SCOLAS encourages research
Undergraduates often shy away from participating in academic conferences because of a fear of criticism that might arise regarding their research. Some conferences though, like the Southwest Council of Latin American Studies’ annual conference, harbor friendly environments for academics of all levels to present research, regardless of their professional titles.
UMHB sophomore political science major Ashley Davis was one of several students to present a paper at the 2010 SCOLAS conference in Santa Fe, NM. “The conference provided me with the experience of presenting a paper to a scholarly audience,” Davis said.
Christine Nix, professor of social work and criminal justice, attended the conference and presented a paper on the same panel as Davis. Nix said
her favorite part of the conference this year was, “learning that a professor from another university believed Ashley … was of graduate status, and the same professor requested a copy of Ashley’s research.”
Dr. Janet Adamski, professor of political science and 2009-2010 president of SCOLAS, was the first to encourage Davis to become involved with the organization.
Adamski said participation in conferences like SCOLAS “is a great way to get your feet wet. You can make personal connections and it’s good for networking.”
Davis’ paper focused on post-neoliberal economic reforms in Mexico, and it received many positive responses from other students and professors who were present for the panel.
Davis said, “I was able to obtain different perspectives on various issues in Latin American studies.”
Adamski said one of the goals of SCOLAS is to hold “an annual conference so that the members can meet, renew their relationships and formally and informally discuss their research projects…. You make connections that you don’t get other than face to face, and I am happy SCOLAS is able to help those sorts of interactions along.”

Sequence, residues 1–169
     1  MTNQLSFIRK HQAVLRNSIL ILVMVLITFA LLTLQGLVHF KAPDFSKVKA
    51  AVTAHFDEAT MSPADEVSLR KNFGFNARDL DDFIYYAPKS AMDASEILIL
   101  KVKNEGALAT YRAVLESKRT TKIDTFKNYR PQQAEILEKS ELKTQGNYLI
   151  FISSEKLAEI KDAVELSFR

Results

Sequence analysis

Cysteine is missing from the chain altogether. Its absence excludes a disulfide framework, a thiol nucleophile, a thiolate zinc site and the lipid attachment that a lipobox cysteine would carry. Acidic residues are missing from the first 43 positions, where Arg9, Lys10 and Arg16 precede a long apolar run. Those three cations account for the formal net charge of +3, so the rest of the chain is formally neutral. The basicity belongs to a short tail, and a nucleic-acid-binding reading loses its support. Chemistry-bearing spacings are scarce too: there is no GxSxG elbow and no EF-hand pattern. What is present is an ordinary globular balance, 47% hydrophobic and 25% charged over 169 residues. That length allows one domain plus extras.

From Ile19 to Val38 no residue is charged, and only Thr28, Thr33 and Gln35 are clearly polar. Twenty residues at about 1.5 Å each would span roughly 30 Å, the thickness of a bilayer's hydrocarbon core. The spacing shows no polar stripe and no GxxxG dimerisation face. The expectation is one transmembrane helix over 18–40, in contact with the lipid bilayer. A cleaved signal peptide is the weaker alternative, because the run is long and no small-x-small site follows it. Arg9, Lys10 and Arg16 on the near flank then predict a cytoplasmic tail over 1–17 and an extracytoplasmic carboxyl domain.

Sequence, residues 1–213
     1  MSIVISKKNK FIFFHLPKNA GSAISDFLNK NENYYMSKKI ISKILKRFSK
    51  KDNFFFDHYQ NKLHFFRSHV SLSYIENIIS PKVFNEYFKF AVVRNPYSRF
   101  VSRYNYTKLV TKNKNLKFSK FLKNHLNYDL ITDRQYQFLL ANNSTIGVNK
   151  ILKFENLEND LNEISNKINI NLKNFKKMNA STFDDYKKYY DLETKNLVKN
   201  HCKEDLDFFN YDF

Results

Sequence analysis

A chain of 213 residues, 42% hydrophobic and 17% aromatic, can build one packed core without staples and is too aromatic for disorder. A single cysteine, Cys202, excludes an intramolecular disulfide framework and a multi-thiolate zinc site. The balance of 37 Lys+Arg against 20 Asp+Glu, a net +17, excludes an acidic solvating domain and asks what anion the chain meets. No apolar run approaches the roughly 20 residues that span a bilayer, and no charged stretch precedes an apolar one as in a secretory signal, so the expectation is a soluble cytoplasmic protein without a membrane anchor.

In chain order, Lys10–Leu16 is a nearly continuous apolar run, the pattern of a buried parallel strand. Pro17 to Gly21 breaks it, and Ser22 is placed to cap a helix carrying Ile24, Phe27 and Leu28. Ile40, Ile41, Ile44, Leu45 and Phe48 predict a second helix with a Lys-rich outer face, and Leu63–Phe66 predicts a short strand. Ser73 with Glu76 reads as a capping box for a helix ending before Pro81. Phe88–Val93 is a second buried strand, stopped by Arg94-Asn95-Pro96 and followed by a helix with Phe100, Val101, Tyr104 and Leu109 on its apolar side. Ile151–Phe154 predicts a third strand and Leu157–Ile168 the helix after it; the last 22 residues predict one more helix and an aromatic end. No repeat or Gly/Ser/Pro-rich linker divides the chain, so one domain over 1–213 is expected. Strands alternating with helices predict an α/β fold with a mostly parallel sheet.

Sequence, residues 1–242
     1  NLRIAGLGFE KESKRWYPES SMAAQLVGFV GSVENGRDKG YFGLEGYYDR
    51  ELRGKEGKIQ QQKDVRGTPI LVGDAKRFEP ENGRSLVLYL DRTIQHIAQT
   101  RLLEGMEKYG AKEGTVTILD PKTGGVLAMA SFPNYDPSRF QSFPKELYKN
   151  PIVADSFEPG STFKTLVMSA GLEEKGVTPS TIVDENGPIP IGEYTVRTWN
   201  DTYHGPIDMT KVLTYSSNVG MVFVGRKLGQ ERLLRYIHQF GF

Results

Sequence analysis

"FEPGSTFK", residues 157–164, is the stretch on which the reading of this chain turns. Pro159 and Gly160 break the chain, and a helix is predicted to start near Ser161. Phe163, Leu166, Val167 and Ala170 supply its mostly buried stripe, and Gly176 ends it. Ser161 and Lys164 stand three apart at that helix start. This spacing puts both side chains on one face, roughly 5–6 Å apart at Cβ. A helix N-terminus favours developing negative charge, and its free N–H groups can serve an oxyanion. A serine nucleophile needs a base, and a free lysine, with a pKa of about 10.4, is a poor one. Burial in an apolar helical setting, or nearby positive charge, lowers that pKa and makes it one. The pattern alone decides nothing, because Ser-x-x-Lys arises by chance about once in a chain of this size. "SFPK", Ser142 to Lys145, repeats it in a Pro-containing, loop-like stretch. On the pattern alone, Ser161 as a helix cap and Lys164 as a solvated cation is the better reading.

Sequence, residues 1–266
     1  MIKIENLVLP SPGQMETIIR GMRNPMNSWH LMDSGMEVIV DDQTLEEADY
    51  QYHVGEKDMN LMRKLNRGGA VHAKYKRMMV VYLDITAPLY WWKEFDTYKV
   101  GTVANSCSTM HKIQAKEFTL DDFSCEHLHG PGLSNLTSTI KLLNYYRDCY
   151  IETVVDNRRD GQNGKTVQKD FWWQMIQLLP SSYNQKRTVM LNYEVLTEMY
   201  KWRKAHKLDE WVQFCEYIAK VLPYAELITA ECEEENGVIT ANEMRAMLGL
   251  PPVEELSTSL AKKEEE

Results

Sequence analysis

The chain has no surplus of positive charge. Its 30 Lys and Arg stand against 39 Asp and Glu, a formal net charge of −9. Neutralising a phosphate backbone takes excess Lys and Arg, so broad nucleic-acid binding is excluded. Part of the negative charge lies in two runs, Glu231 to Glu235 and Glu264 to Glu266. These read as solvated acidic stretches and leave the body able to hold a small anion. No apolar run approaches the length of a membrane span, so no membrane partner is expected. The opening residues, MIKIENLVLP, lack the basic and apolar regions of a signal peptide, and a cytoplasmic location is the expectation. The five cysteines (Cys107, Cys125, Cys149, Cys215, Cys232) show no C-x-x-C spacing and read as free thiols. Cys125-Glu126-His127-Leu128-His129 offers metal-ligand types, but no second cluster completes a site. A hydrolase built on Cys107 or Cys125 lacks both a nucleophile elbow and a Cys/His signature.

The conference hosted a number of panels throughout the week spanning a variety of academic disciplines. Research stretched from food studies to architecture and urban planning.
Attendees had the opportunity to learn about several different interest areas, as well as meet peers in their own fields of study.
“My favorite part of the conference was attending the different panels and learning about different perspectives and research methods,” Davis said.
After successfully presenting her own research, she said, “Students would definitely benefit from attending and presenting at a conference. It is a great opportunity to obtain knowledge about fields students are interested in pursuing further.”
Nix enjoyed seeing Davis succeed in her efforts and agreed that more students should present research at conferences.
“It is a very unique and rewarding experience,” she said. “Students engage in a one-on-one mentoring with a professor, become more adept at scholarly research and meet with scholars from other universities.”
“While it is scary to put your research out there for others to see (and to criticize) that is how you grow as a scholar,” Adamski said. “Some of the best presentations I saw were by students who had worked long and thoughtfully on topics about which they felt passionate.”